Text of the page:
When we grow plants, we give them what they need to grow and be successful: sunlight, water, supports, fertilizer, and other nutrients. If they are having trouble growing, we look to see what else they may need or what we need to change. We don’t blame them when they fail. Instead we look at what we need to change. Hurting the plant or putting it away and ignoring would be pointless. We look to what we can change to help the plant thrive. Our success as a gardener is dependent upon whether or not the plant is thriving.
Balance is a continual process. In order to stay balanced, we must be constantly shifting and adapting to even small changes in the environment or situation. When something changes, we must also change in order to maintain our balance. If we don’t, then not only do we lose our previous balance, but we tend to topple down the other side. This is true not only in regard to our activities and the busyness of our lives but with our relationships, including those relationships with our children. When our children are out of balance, we need to step over and help regain that balance rather than spiralling down, out of control.
American parents are running their children to and fro, frazzled themselves by the never-ending car pools and activities. The children, not knowing anything else, long for a simpler lifestyle, one in which they get to be children.
It’s true that our children benefit from varied experiences. Learning about how other people live and think gives them a broader sense of the world and of their own lives. Trying new things gives exposure to topics and activities which might spark a passing interest or a lifelong passion.
However, children need time. Just as they haven’t had a lot of experiences in their few years, neither have they had time to find themselves. It is through time, and play, that our children discover what it is they are really interested in and their own beliefs about life. It’s this time that is vital for them to learn about who they are.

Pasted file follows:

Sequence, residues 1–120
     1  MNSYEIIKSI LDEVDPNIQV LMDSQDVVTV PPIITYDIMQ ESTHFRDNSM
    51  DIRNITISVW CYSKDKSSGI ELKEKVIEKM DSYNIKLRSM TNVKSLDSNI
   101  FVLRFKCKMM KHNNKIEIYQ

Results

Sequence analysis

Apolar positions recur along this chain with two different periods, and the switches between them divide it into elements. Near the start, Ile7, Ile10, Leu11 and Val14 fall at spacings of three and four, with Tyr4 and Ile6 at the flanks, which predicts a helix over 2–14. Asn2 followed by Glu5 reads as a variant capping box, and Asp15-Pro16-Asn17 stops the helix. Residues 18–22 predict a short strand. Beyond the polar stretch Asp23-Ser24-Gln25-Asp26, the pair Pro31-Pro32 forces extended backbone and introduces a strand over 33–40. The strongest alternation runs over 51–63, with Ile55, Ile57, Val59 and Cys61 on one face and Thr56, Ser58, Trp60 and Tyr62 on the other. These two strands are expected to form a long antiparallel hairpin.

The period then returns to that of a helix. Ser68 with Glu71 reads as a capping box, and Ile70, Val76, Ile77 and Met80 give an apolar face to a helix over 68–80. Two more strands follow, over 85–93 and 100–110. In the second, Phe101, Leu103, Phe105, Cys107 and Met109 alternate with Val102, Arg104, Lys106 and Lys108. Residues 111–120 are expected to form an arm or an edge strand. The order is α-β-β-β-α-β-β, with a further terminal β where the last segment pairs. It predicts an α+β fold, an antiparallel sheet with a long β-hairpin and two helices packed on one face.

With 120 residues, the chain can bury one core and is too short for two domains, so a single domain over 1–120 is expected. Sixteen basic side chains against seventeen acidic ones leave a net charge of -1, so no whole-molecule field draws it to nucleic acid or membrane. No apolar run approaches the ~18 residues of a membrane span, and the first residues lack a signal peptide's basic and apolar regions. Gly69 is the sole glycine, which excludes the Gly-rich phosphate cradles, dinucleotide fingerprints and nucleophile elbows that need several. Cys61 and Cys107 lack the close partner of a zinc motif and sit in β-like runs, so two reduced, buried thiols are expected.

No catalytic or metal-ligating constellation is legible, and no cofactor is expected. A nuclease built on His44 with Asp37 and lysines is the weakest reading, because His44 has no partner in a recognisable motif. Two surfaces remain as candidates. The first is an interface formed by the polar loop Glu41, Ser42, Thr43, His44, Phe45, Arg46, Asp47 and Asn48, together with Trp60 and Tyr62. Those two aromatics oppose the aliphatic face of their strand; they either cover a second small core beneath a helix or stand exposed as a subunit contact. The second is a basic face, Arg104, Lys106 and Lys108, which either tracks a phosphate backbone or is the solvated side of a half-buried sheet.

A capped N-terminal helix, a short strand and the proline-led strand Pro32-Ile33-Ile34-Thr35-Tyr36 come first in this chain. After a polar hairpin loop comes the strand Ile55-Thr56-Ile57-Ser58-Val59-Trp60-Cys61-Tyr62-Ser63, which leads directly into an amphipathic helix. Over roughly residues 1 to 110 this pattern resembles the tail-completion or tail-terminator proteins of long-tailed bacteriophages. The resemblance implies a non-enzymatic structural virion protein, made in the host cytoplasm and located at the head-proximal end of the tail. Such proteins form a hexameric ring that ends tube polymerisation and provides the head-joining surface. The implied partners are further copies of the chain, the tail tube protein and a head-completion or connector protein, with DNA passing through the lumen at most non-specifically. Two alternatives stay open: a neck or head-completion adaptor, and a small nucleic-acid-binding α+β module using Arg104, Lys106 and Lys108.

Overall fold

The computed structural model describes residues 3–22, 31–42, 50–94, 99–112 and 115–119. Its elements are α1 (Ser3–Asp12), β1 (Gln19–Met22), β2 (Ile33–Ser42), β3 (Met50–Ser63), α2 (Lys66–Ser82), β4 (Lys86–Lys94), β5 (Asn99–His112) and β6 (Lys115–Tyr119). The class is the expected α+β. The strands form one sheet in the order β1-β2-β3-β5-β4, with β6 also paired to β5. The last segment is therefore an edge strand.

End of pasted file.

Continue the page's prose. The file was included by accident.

I’ve often heard parents rationalizing punishments and rewards by citing the real world. When the kids grow up, they’ll be in the real world. In the real world, they’ll have to get a job and then, they had better be prepared. Punishments and rewards are everywhere, in the real world.
It was one of those idealistic parenting moments. I was in the kitchen washing dishes, and all four of my children were happily playing together in the living room.
The game of the moment was a pirate one, and there were plenty of giggles amidst the “Arghs.” In one of my glances, I saw my eight year old wielding a foam sword in perfect form. Another time, my three year old was proclaiming to be the Dread Pirate Roberts (I’ve mentioned we are a family of bibliophiles). The throw pillows morphed into a gang plank and the fish in our aquariums were hungry sharks.
As the climax of the game approached, I heard something that made me pause. “Send in the baby! He won’t harm her.” I had to laugh at my son’s use of diplomacy.
Though conflict, we learn to establish healthy boundaries between ourselves and other people. Conflict provides an opportunity for growth and learning. This is true not only for children, but also for ourselves.